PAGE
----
Portraits are what photography is all about.....for me.

Lou and the Hasselblad.  The studio on San Marcos St.

I don't know why they do it but they do it all the time.  People talk to me about photography and they are so desperate to show me what they've recently shot that they whip out their iPhones and start flicking through images.  And sadly, many times the images are not portraits.  They show me tiny landscapes which makes my internal critic yawn and wince.  They show me "abstracts" which means they liked the color or shape of something and snapped a photo.  They show me architecture which I sometimes like, sometimes tolerate but mostly ignore.  And they show me pictures of cats to prove how sharp their new lens/camera/flash is.

I have a new dodge to get out of looking at the images as they are flicked past on the screen.  I apologize and point out that I didn't bring my reading glasses and so am incapable of truly appreciating the "art."  At this point they start using two fingers to enlarge the photographs.  Perhaps they mean to scroll across and depend on my "persistence of vision" to tile together their masterpieces in my mind.  At that point I generally just tell people to stop.

The one exception is when someone shows me a really nice portrait.  Then, mystically, my vision improves and I can share in the sharing.  Now I'm not saying that there's anything wrong with pursuing landscape photographs.  Ansel Adams had a good run with the genre and I suppose some other people have too.  And Lee Freidlander certainly made some hay with his abstracts, as did Gordon Parks.  It's just that people are so much more interesting to photograph and look at.  In a way it's because portraits can be virtually interactive......at least they will look back at you.

(Above shot on medium format black and white film, Hasselblad Camera.  180mm Zeiss lens.)

Studio Coffee Break, circa 1993.

Lou and the little black dress.

It was a more civilized time.  We'd shoot for while and then stop for coffee while the assistants reloaded the film backs.  None of the jittery madness of tight scheduling and fast turnaround we "enjoy" today.  And, after a shoot, the film would be sent to the lab for processing and contact sheets.  That bought us two days of relaxation and respite.

The coffee was always hot and good.  The film always seemed to turn out fine.  And no one was in a rush.  What a delicious way to work.

Another Day Another Medium Format Portrait. From The Early 2000's...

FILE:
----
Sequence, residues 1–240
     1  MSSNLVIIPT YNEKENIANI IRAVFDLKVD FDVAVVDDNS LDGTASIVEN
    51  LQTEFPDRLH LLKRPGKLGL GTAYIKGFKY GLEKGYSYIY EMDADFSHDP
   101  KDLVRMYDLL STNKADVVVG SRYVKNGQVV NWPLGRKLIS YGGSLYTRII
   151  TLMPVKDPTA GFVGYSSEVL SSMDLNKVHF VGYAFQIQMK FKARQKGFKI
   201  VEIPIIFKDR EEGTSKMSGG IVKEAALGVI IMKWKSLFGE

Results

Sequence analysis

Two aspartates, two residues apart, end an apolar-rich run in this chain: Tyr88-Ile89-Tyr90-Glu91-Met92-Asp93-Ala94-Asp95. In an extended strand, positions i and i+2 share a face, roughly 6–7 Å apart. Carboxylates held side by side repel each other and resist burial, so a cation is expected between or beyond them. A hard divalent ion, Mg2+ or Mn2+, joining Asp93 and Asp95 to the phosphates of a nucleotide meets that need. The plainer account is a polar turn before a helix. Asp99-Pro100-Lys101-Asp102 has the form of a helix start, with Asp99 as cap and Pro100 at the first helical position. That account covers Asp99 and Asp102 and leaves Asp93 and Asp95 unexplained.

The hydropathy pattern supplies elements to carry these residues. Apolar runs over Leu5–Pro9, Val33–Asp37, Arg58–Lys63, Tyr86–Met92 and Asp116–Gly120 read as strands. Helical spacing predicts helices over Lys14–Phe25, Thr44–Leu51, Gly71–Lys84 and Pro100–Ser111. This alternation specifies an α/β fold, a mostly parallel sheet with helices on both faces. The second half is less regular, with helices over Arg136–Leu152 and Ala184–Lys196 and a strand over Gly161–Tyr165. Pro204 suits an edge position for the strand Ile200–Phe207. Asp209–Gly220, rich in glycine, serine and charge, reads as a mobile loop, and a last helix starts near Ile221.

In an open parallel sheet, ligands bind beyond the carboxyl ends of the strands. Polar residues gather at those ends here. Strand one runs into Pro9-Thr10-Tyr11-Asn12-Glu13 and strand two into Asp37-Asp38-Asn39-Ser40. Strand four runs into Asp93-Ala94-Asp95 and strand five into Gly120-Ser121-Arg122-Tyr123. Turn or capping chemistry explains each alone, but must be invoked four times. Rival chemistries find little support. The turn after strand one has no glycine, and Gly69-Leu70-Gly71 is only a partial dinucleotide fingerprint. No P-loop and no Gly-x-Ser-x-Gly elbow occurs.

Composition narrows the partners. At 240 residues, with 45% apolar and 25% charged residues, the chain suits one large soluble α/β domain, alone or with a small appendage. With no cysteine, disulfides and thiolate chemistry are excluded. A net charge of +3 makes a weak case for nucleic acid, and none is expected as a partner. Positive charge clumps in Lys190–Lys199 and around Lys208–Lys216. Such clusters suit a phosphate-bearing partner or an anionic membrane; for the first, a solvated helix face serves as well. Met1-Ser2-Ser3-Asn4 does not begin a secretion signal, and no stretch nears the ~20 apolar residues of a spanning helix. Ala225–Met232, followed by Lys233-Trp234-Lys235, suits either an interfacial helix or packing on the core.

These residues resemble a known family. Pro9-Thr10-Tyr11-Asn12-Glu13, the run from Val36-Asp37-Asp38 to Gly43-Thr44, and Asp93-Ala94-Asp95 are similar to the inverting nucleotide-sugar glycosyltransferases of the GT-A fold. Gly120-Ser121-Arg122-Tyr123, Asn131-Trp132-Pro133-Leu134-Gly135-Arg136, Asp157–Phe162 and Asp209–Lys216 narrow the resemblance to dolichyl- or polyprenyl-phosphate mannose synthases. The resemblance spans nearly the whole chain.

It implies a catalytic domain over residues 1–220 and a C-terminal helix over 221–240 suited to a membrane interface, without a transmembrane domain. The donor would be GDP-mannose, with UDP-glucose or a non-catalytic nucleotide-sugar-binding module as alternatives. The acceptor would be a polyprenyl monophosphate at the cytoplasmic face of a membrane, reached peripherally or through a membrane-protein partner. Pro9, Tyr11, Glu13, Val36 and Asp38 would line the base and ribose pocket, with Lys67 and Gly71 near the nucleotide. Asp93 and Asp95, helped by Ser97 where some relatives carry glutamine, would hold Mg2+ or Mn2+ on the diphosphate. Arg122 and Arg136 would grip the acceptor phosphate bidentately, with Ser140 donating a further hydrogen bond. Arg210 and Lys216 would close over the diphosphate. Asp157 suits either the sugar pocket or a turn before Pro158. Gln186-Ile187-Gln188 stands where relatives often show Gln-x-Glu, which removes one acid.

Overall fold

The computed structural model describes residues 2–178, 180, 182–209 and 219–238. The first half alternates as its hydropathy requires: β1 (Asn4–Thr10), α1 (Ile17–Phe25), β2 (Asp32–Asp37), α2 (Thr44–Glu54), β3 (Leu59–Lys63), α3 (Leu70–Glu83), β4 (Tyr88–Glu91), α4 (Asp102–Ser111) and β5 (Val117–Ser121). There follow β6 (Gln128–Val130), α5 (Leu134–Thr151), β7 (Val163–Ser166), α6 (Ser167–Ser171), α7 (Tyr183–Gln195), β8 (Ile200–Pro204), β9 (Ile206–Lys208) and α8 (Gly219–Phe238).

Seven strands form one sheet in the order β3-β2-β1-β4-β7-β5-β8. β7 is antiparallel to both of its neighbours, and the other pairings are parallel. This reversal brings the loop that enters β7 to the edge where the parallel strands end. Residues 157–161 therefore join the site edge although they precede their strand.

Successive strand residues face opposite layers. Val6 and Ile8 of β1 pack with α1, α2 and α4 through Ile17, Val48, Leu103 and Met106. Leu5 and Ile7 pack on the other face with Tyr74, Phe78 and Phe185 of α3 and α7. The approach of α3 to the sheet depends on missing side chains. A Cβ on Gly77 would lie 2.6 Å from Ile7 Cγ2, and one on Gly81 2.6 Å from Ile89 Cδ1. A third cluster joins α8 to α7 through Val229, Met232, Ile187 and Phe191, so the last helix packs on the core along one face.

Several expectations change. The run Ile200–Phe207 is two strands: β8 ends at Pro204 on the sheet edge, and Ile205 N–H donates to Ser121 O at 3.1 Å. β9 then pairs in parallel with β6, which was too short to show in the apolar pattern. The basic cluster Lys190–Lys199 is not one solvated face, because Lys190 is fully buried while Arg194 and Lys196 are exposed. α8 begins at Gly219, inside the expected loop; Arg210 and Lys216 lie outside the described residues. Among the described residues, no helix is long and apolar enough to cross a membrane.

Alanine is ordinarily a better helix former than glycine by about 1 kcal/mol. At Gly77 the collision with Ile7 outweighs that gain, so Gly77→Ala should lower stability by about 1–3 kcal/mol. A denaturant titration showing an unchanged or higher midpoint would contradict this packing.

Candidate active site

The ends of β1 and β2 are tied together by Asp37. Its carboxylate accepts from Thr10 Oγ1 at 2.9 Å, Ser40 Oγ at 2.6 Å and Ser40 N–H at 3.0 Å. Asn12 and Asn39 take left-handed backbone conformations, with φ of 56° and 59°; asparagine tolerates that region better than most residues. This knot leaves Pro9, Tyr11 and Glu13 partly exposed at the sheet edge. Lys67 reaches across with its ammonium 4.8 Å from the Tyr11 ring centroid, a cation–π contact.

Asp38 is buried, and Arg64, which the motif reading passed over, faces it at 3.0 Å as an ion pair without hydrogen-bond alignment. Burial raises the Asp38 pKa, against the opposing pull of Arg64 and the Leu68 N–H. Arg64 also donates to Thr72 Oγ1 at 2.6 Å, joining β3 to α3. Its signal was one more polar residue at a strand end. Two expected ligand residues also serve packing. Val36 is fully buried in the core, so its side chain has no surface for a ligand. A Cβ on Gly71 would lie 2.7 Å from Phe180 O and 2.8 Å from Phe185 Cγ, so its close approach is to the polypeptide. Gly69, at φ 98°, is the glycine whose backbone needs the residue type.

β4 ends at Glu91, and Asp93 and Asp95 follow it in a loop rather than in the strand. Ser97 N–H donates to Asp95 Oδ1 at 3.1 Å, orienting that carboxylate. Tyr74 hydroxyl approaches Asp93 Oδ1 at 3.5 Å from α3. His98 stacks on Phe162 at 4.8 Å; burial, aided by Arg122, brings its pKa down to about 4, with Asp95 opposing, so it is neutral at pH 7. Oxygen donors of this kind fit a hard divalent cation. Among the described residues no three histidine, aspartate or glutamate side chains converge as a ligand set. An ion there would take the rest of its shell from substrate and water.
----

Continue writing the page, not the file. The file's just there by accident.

Amy in the studio.

I can't imagine how we did it just a few short years ago.  I was looking through boxes with thousands and thousands of black and white, medium format images and wondering, "how did we pay for all that medium format film?  All the developing and contact sheets?"  And it wasn't all for jobs.  That would make sense.  No, at least half the stuff in the boxes was personal work.  People I couldn't bear not to photograph because I liked the way they looked so much.  Looking back at a typical bill from my lab from 2002 (we were still shooting a mix of film and digital....) I note that I shot 160 rolls of MF tri-X in the month of June.  In that same month I shot 300 rolls of color transparency film.  While that's only 5,500 exposures it's critical to remember that every click of the shutter cost real money.  I'd estimate the out of pocket expenses for the 460 rolls of film, with develop and contact at a modest $10 per roll (I used to get volume discounts...) and that means we spent $4,600 that month.  Close to a dollar a frame.  And that's before scanning or printing.

Now, for all intents and purposes, when we shoot with digital cameras it seems like photography is free.  But I think we've made some compromises that I wish we didn't have to make.  I like shooting in medium format but who can afford to buy and use $28,000 cameras and $4,000 lenses for clients whose budgets are falling faster than the Dow Jones average?  But the things I miss most people will dismiss as intangibles:  The brilliant finders.  The way the image goes out of focus because of the longer focal lengths on bigger formats.  The way black and white and color negative films could hold on to highlight detail and make it amazingly nuanced.  Being able to put your hands on a piece of film and seeing it.  Knowing that negatives might dissolve but knowing that they will do it gracefully instead of catastrophically.  The incredible tonal range of well shot and processed film.  The unmatched pleasure of the square frame...

The wonderful thing about life is that not everything has to be binary.  I change my mind a lot but it doesn't mean I have to burn all the other options and walk a narrow path for the rest of my days.  I've been seduced by the promiscuous nature of digital's ample largess and I've been swayed by film's Calvinistic rigor and I like both feelings.  The hot tub and the stern, early morning run up the long hills.

So I think I'll spend a while going back and forth, like a man with two lovers.  I'll shoot portraits for myself on silvery slivers of film and I'll shoot work for my clients on the visual accordions of digital.  And I'll hunger for the day when a wonderful client, with Warren Buffett-sized budgets, stumbles across some of the work I'm doing with film and exclaims,  with a breathy excitement: "Oh dear God!!! These are wonderful!!!!  Please.  Can you shoot our next project with real film???"

And I'll tilt my little black beret to one side of my head, toss aside my hand rolled cigarette,  empty my martini glass and, grudgingly say,  "Well...if that's what you want..."  And we'll be back into a new game of mixing old and new.

Note:  atmtx visited my studio on Sunday and captured me with the new camera.  His photo is here